|Keebler hunting coyotes.
A resident of minuscule Stockton, Utah (population circa 700), Keebler, 57, earned a modest measure of media attention five years ago when he was profiled in a story dealing with state-subsidized coyote hunting. He also exhibited the proper attitude toward the people who presume to rule us, which was described by the state-aligned media as “extreme hatred” for the federal government.
Like hundreds of others from around the country, Keebler traveled to Bunkerville, Nevada in April 2014 when Cliven Bundy called for help in recovering his stolen cattle from the BLM. After spending about two weeks in Nevada, Keebler returned to Utah and announced – to anyone who was listening, which included FBI informants -- his intention to create a militia called the Patriots Defense Force.
No man is too obscure to evade the eyes and ears of the Homeland Security State, and no social circles, however small, are immune to infiltration. Keebler had little by way of material means, and even less leverage with public opinion. He still proved useful to the FBI, whose incentive structure requires that its field operatives constantly talent-scout people who can be cast as guest stars in the Bureau’s ongoing Homeland Security Theater.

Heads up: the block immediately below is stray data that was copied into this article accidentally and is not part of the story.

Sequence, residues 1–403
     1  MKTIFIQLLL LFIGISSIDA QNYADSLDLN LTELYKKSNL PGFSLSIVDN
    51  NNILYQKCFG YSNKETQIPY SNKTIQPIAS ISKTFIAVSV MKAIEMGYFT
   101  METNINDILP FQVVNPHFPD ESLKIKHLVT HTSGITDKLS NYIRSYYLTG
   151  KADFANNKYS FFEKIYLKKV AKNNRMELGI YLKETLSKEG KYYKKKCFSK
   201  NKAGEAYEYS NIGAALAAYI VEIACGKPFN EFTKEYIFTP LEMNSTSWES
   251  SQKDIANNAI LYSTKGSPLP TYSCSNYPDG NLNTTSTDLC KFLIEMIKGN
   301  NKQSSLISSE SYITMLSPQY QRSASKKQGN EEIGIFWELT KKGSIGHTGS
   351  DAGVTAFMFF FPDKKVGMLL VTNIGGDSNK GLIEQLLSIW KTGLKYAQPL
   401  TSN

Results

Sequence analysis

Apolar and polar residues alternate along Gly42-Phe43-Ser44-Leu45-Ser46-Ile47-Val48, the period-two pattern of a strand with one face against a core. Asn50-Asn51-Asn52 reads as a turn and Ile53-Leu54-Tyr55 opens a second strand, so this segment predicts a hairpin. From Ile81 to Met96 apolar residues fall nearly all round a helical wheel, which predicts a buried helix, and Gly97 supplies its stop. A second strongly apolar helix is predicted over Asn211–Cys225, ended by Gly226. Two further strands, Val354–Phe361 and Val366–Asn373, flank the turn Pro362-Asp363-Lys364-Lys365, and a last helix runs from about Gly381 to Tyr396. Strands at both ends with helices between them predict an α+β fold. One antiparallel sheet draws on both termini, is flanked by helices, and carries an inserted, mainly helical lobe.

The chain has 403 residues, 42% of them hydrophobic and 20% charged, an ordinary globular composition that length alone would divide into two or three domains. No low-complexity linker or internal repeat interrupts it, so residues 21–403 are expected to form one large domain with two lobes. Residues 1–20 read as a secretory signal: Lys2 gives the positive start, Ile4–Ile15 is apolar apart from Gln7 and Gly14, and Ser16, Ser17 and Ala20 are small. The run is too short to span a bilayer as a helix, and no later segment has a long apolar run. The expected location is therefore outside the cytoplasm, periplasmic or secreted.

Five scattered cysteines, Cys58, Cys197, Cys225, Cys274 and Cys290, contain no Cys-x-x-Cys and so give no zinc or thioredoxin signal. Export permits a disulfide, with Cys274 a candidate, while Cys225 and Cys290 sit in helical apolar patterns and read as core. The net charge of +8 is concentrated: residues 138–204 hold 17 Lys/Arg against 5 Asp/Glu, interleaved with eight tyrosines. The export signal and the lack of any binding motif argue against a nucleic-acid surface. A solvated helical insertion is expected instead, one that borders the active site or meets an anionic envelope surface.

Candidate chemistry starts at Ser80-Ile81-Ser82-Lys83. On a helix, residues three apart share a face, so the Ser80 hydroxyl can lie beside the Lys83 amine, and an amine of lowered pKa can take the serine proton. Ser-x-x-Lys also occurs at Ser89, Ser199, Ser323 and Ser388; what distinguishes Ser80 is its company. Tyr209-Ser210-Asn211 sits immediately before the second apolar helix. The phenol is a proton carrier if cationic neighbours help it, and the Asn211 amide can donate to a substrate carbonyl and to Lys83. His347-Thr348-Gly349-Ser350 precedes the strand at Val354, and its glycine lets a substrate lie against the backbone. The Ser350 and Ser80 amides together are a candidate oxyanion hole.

Attorney Stephen Downs of Project Salam, a legal support organization for Muslims who have been lured into FBI “sting” operations, explains that “the government has developed a technique of engaging targets in conversations of a somewhat provocative nature, and then trying to pick up on things the target says, which might suggest illegal activity – and then trying to push them into pursuing those particular activities.”
For a law enforcement agency seeking to deter or investigate crimes against persons or property, this makes no sense. It makes perfect sense for a secret police agency seeking to identify dissidents and use them to advance the interests of the Regime. At some point over the last 12 to 18 months, FBI Special Agent Steven Daniels, who presides over the Salt Lake City-based Joint Terrorism Task Force, targeted Keebler and surrounded him with the FBI’s entrapment elves, who are adept at cobbling together criminal prosecutions out of the scantiest materials.